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CRACOW Full of history and past glory, Cracow is not only the most beautiful city in Poland, but also one of the loveliest touristic locations in Europe. Its medieval character has been maintained over the centuries, while every new period and trend only added a more interesting dimension to its grandeur. It has been miraculously spared from any irreparable damage during the many military upheavals and invasions it endured, preserving the biggest gems of Polish national heritage. That combined with the constant renovation efforts enables the visitor to experience a once-in-a-life-time sightseeing extravaganza. Around the historic Old Town area literally every building, every street corner whispers of the days gone by, tells a thousand stories and enchants you with its unique, spellbinding atmosphere! There’s such an abundance of destinations to explore you have to really plan your escapades wisely. We have stayed there full 7 days, walked around from dawn till dusk and were still only able to tour the most important attractions. But Cracow has so much more to offer than just the mind-blowing monuments and museums. It’s the cultural capital of Poland, with festivals and events taking place all year long. Its hotels and restaurants can easily compete with any other major European city; the night life will satisfy every party animal. If shopping is your thing, be prepared for some serious retail action: anything you want you will find here. If you wish to purchase something truly original and valuable, the numerous antique stores will provide you with this opportunity (these are located mostly around the old Market Square). The inhabitants of the city are for the most part very friendly and accommodating, at least the ones we dealt with were pretty open and helpful; some even cordial. Almost everybody speaks English, but you can also find people with other foreign language skills. Considering the league Cracow plays in, it is surprisingly inexpensive. Compared to such beloved tourist spots like Paris, Venice or London it actually strikes as a great bargain. Please beware, however, that you will have to pay for everything there. Every museum, exhibition or attraction: they will charge you to view it (even if the fee is usually quite low). Even some of the churches require buying a touring pass. Occasionally the ability to take photographs may cost extra, as well. However it is for a very good purpose (conservation and upkeep), so we did not mind the charges. The businesses there (such as gastronomical venues or tourist services) will try to solicit you around popular sightseeing sites by handing out brochures or chatting you up, but if you say: ”no, thank you” they will leave you alone immediately. We had no problems with anybody being too pushy or unpleasant. If I really wanted to describe all my impressions from this incredible trip I would probably have to write a work of the size of a Russian novel. I can see you raising your brow in alarm. But never fear, I shall not torture you and will share only the bare essence here, keeping it brief. I hope this account helps in planning your own vacation. And one last thing in case my previous rambling weren’t clear enough: if you have ever wanted to visit Cracow you should. It is awesome!!! HOTEL  APARTHOTEL STARE MIASTO ****** http://www.ahsm-krakow.com/n/ Cracow is a city pulsating with life and opportunity, so if you do your research you can find the most amazing and affordable hotels right around the  Old Town area (ours was on a little side street 2 minutes stroll from the Market Square) and within easy walking distance to all the major tourist hot-spots. Most important facts: the accommodation we booked (Deluxe Studio with SPA bath) is like a little penthouse apartment in itself. It has a small kitchen upstairs, a luxurious bathroom with a spacious Jacuzzi, a comfortable living/sleeping area, a flat-screen TV and a safe. The interior emanates stylish elegance, the brick walls constituting an especially lovely accent. The guest rooms are serviced daily, the reception is open 24/7, an on-site restaurant can be visited for breakfast, lunch and dinner. The staff members were polite and friendly, even if the new maid (she started a few days after our arrival) did not yet appear quite as savvy in her job as one might have wished :-). We adored the spa bath (nothing like hydro-massage after a long day of energetically marching around all the historic wonders) and appreciated the happy circumstance of possessing rudimentary dishes, a kettle and a fridge (no microwave alas), but the available appliances certainly sufficed to at least make a decent breakfast or a snack. As far as I understand all the rooms offered here (even the basic ones) are equipped with a kitchenette, free Wi-Fi and a safe.  I would definitely recommend this hotel: not only is it gorgeous (we actually gasped upon entering the room), but also very comfortable and centrally located. SIGHTSEEING DAY 1 We arrived pretty late, so our first day really only amounted to the afternoon (in case you though we are lazy bums and slacking off in our duties). MARKET SQUARE (RYNEK GLOWNY) ****** The Market Square (biggest one in Europe) is the heart of Cracow, a place full of energy and captivating ambience. All the buildings located here are historically significant (describing them would probably already take up several pages), it is also the site of several museums and the breath-taking St. Mary’s Church: one of the main symbols of the city. The old Cloth Hall (Sukiennice) contains a lot of stalls with souvenirs. Most of them are of the rather tacky variety (dolls, figurines, T-shirts, teddy-bears), but if you are willing to spend a little more you can become the proud owner of wonderful amber jewelry or exquisite pottery items. As already mentioned above, antique stores can be found here and in the neighboring side streets. Cafes and restaurants situated all along the walls of the square welcome weary visitors with the most delicious Polish specialties, but a lot of them also offer international cuisine if you are not the experimenting type. As long as the weather stays warm, the outdoor tables are really packed with guests watching the world pass by from under the umbrellas. Just a short walk away down Florianska Street will let you discover the beautiful St. Florian’s Gate with the City Wall Remnants, as well as the Barbican, the military defense bastion utilized by the inhabitants during the tumultuous events of the past. The Market Square in itself is a monument to history and an unsurpassed tool to understanding the spirit of Cracow. I would recommend taking an afternoon to just walk around, soak in the unique atmosphere and admire the fascinating architecture. DAY 2 ST. MARY’S CHURCH ****** http://www.mariacki.com/index.php/pl/ This awe-inspiring Gothic basilica with its soaring towers gained international fame mostly through its magnificent high altar created by Veit Stoss between 1477-1489. This gifted sculptor was way ahead of his time and astonishes even contemporary scholars with his use of dramatic expression and naturalistic poses in his figures. These, along with the carvings on the shutters, represent the Assumption of the Virgin Mary. You can sit down on one of the benches in front of this masterpiece and contemplate its beauty, while listening to the lectures of the many foreign language guides who bring their groups here. The basilica’s intricate and richly decorated interior additionally contains numerous side chapels devoted to different Catholic motifs.  These are also heavily ornamented: everything seems to demand our attention; I found it almost overwhelming in its splendor. The many murals painted by the highly acclaimed Polish artist Jan Matejko explode with color and detail, as do the stained glass windows. The Church of St. Mary’s belongs to the most artistically and historically valuable Christian temples in Europe. No photograph could ever depict how spectacular it is, so please excuse my pathetic attempts, but perhaps you will at least get a small inkling of what awaits you. You will need at least an hour to view everything, I would recommend staying even longer. GALLERY OF THE 19-TH CENTURY POLISH ART ****** http://www.muzeum.krakow.pl/About-the-museum.61.0.html?&L=1 Located at the Sukiennice (Cloth Hall). This museum atop the historical Cloth Hall houses an impressive collection of Polish paintings and sculptures originating in the 19th century. The exhibition is divided into four sections: each held in a separate room decorated using a different color. The most famous artists of this period are featured here, such as Jan Matejko, Henryk Siemiradzki or Jacek Malczewski. Some of the displayed masterpieces possess a truly monumental character, not only in size (several canvases are gigantic), but in the artistry of their execution. The collection is organized in the following way: The Bacciarelli Room (Enlightenment) The white interior holds mostly portraits and paintings with historical background. Some of the displayed artists include: Giambattista Lampi, Franciszek Smuglewicz or Marcello Bacciarelli. The Michalowski Room (Romanticism, Towards National Art) The green interior holds portraits, battle scenes, historically symbolic paintings and landscapes. Some of the most famous presented artists include: Jan Nepomucen Glowacki, Jozef Simmler or Arthur Grottger. The Siemiradzki Room (Around the Academy) The red interior holds the biggest jewels of the collection, namely the masterpieces by Henryk Siemiradzki (Nero’s Torches) and Jan Matejko (Prussian Homage). Other painters displayed here include: Jacek Malczewski, Wojciech Gerson and Tadeusz Ajdukiewicz. The main addressed motifs range from mythological and biblical themes to contemporary efforts of regaining national independence, as well as portraits of historically significant figures. The Chelmonski Room (Realism, Polish Impressionism, Beginning of Symbolism) The blue interior holds the creations of such artists as Jozef Chelmonski, Julian Falat, Jozef Brandt or Leon Wyczolkowski and concentrates on genre painting, portraits, landscapes as well as rural or military-oriented scenes. The controversial painting Ecstasy by Podkowinski can also be viewed here. This is a great exhibition for those, who want to orientate themselves about the trends in Polish art during the 19th century and discover how it was influenced by the political situation of the country at the time. To tour this museum properly you will need 2-3 hours. Please don’t miss the café situated one floor below with its wonderful view of the Main Square.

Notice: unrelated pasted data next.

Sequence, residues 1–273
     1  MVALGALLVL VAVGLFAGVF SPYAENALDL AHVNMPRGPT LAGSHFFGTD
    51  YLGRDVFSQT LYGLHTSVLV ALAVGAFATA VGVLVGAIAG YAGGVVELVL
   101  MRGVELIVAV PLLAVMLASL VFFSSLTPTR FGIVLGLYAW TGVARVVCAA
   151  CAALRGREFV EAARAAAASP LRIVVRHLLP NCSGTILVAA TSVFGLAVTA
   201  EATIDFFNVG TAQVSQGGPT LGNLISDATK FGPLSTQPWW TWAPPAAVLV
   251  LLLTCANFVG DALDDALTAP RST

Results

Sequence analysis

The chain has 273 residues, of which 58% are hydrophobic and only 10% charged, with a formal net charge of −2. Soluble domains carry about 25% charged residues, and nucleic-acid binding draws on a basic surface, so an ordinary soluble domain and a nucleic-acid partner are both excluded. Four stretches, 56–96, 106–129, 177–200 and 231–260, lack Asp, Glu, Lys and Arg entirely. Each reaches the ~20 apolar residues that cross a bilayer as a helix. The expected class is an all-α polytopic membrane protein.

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CRACOW Full of history and past glory, Cracow is not only the most beautiful city in Poland, but also one of the loveliest touristic locations in Europe. Its medieval character has been maintained over the centuries, while every new period and trend only added a more interesting dimension to its grandeur. It has been miraculously spared from any irreparable damage during the many military upheavals and invasions it endured, preserving the biggest gems of Polish national heritage. That combined with the constant renovation efforts enables the visitor to experience a once-in-a-life-time sightseeing extravaganza. Around the historic Old Town area literally every building, every street corner whispers of the days gone by, tells a thousand stories and enchants you with its unique, spellbinding atmosphere! There’s such an abundance of destinations to explore you have to really plan your escapades wisely. We have stayed there full 7 days, walked around from dawn till dusk and were still only able to tour the most important attractions. But Cracow has so much more to offer than just the mind-blowing monuments and museums. It’s the cultural capital of Poland, with festivals and events taking place all year long. Its hotels and restaurants can easily compete with any other major European city; the night life will satisfy every party animal. If shopping is your thing, be prepared for some serious retail action: anything you want you will find here. If you wish to purchase something truly original and valuable, the numerous antique stores will provide you with this opportunity (these are located mostly around the old Market Square). The inhabitants of the city are for the most part very friendly and accommodating, at least the ones we dealt with were pretty open and helpful; some even cordial. Almost everybody speaks English, but you can also find people with other foreign language skills. Considering the league Cracow plays in, it is surprisingly inexpensive. Compared to such beloved tourist spots like Paris, Venice or London it actually strikes as a great bargain. Please beware, however, that you will have to pay for everything there. Every museum, exhibition or attraction: they will charge you to view it (even if the fee is usually quite low). Even some of the churches require buying a touring pass. Occasionally the ability to take photographs may cost extra, as well. However it is for a very good purpose (conservation and upkeep), so we did not mind the charges. The businesses there (such as gastronomical venues or tourist services) will try to solicit you around popular sightseeing sites by handing out brochures or chatting you up, but if you say: ”no, thank you” they will leave you alone immediately. We had no problems with anybody being too pushy or unpleasant. If I really wanted to describe all my impressions from this incredible trip I would probably have to write a work of the size of a Russian novel. I can see you raising your brow in alarm. But never fear, I shall not torture you and will share only the bare essence here, keeping it brief. I hope this account helps in planning your own vacation. And one last thing in case my previous rambling weren’t clear enough: if you have ever wanted to visit Cracow you should. It is awesome!!! HOTEL  APARTHOTEL STARE MIASTO ****** http://www.ahsm-krakow.com/n/ Cracow is a city pulsating with life and opportunity, so if you do your research you can find the most amazing and affordable hotels right around the  Old Town area (ours was on a little side street 2 minutes stroll from the Market Square) and within easy walking distance to all the major tourist hot-spots. Most important facts: the accommodation we booked (Deluxe Studio with SPA bath) is like a little penthouse apartment in itself. It has a small kitchen upstairs, a luxurious bathroom with a spacious Jacuzzi, a comfortable living/sleeping area, a flat-screen TV and a safe. The interior emanates stylish elegance, the brick walls constituting an especially lovely accent. The guest rooms are serviced daily, the reception is open 24/7, an on-site restaurant can be visited for breakfast, lunch and dinner. The staff members were polite and friendly, even if the new maid (she started a few days after our arrival) did not yet appear quite as savvy in her job as one might have wished :-). We adored the spa bath (nothing like hydro-massage after a long day of energetically marching around all the historic wonders) and appreciated the happy circumstance of possessing rudimentary dishes, a kettle and a fridge (no microwave alas), but the available appliances certainly sufficed to at least make a decent breakfast or a snack. As far as I understand all the rooms offered here (even the basic ones) are equipped with a kitchenette, free Wi- Fi and a safe.  I would definitely recommend this hotel: not only is it gorgeous (we actually gasped upon entering the room), but also very comfortable and centrally located. SIGHTSEEING DAY 1 We arrived pretty late, so our first day really only amounted to the afternoon (in case you though we are lazy bums and slacking off in our duties). MARKET SQUARE (RYNEK GLOWNY) ****** The Market Square (biggest one in Europe) is the heart of Cracow, a place full of energy and captivating ambience. All the buildings located here are historically significant (describing them would probably already take up several pages), it is also the site of several museums and the breath-taking St. Mary’s Church: one of the main symbols of the city. The old Cloth Hall (Sukiennice) contains a lot of stalls with souvenirs. Most of them are of the rather tacky variety (dolls, figurines, T-shirts, teddy- bears), but if you are willing to spend a little more you can become the proud owner of wonderful amber jewelry or exquisite pottery items. As already mentioned above, antique stores can be found here and in the neighboring side streets. Cafes and restaurants situated all along the walls of the square welcome weary visitors with the most delicious Polish specialties, but a lot of them also offer international cuisine if you are not the experimenting type. As long as the weather stays warm, the outdoor tables are really packed with guests watching the world pass by from under the umbrellas. Just a short walk away down Florianska Street will let you discover the beautiful St. Florian’s Gate with the City Wall Remnants, as well as the Barbican, the military defense bastion utilized by the inhabitants during the tumultuous events of the past. The Market Square in itself is a monument to history and an unsurpassed tool to understanding the spirit of Cracow. I would recommend taking an afternoon to just walk around, soak in the unique atmosphere and admire the fascinating architecture. DAY 2 ST. MARY’S CHURCH ****** http://www.mariacki.com/index.php/pl/ This awe- inspiring Gothic basilica with its soaring towers gained international fame mostly through its magnificent high altar created by Veit Stoss between 1477- 1489. This gifted sculptor was way ahead of his time and astonishes even contemporary scholars with his use of dramatic expression and naturalistic poses in his figures. These, along with the carvings on the shutters, represent the Assumption of the Virgin Mary. You can sit down on one of the benches in front of this masterpiece and contemplate its beauty, while listening to the lectures of the many foreign language guides who bring their groups here. The basilica’s intricate and richly decorated interior additionally contains numerous side chapels devoted to different Catholic motifs.  These are also heavily ornamented: everything seems to demand our attention; I found it almost overwhelming in its splendor. The many murals painted by the highly acclaimed Polish artist Jan Matejko explode with color and detail, as do the stained glass windows. The Church of St. Mary’s belongs to the most artistically and historically valuable Christian temples in Europe. No photograph could ever depict how spectacular it is, so please excuse my pathetic attempts, but perhaps you will at least get a small inkling of what awaits you. You will need at least an hour to view everything, I would recommend staying even longer. GALLERY OF THE 19-TH CENTURY POLISH ART ****** http://www.muzeum.krakow.pl/About-the- museum.61.0.html?&L=1 Located at the Sukiennice (Cloth Hall). This museum atop the historical Cloth Hall houses an impressive collection of Polish paintings and sculptures originating in the 19th century. The exhibition is divided into four sections: each held in a separate room decorated using a different color. The most famous artists of this period are featured here, such as Jan Matejko, Henryk Siemiradzki or Jacek Malczewski. Some of the displayed masterpieces possess a truly monumental character, not only in size (several canvases are gigantic), but in the artistry of their execution. The collection is organized in the following way: The Bacciarelli Room (Enlightenment) The white interior holds mostly portraits and paintings with historical background. Some of the displayed artists include: Giambattista Lampi, Franciszek Smuglewicz or Marcello Bacciarelli. The Michalowski Room (Romanticism, Towards National Art) The green interior holds portraits, battle scenes, historically symbolic paintings and landscapes. Some of the most famous presented artists include: Jan Nepomucen Glowacki, Jozef Simmler or Arthur Grottger. The Siemiradzki Room (Around the Academy) The red interior holds the biggest jewels of the collection, namely the masterpieces by Henryk Siemiradzki (Nero’s Torches) and Jan Matejko (Prussian Homage). Other painters displayed here include: Jacek Malczewski, Wojciech Gerson and Tadeusz Ajdukiewicz. The main addressed motifs range from mythological and biblical themes to contemporary efforts of regaining national independence, as well as portraits of historically significant figures. The Chelmonski Room (Realism, Polish Impressionism, Beginning of Symbolism) The blue interior holds the creations of such artists as Jozef Chelmonski, Julian Falat, Jozef Brandt or Leon Wyczolkowski and concentrates on genre painting, portraits, landscapes as well as rural or military-oriented scenes. The controversial painting Ecstasy by Podkowinski can also be viewed here. This is a great exhibition for those, who want to orientate themselves about the trends in Polish art during the 19th  century and discover how it was influenced by the political situation of the country at the time. To tour this museum properly you will need 2-3 hours. Please don’t miss the café situated one floor below with its wonderful view of the Main Square.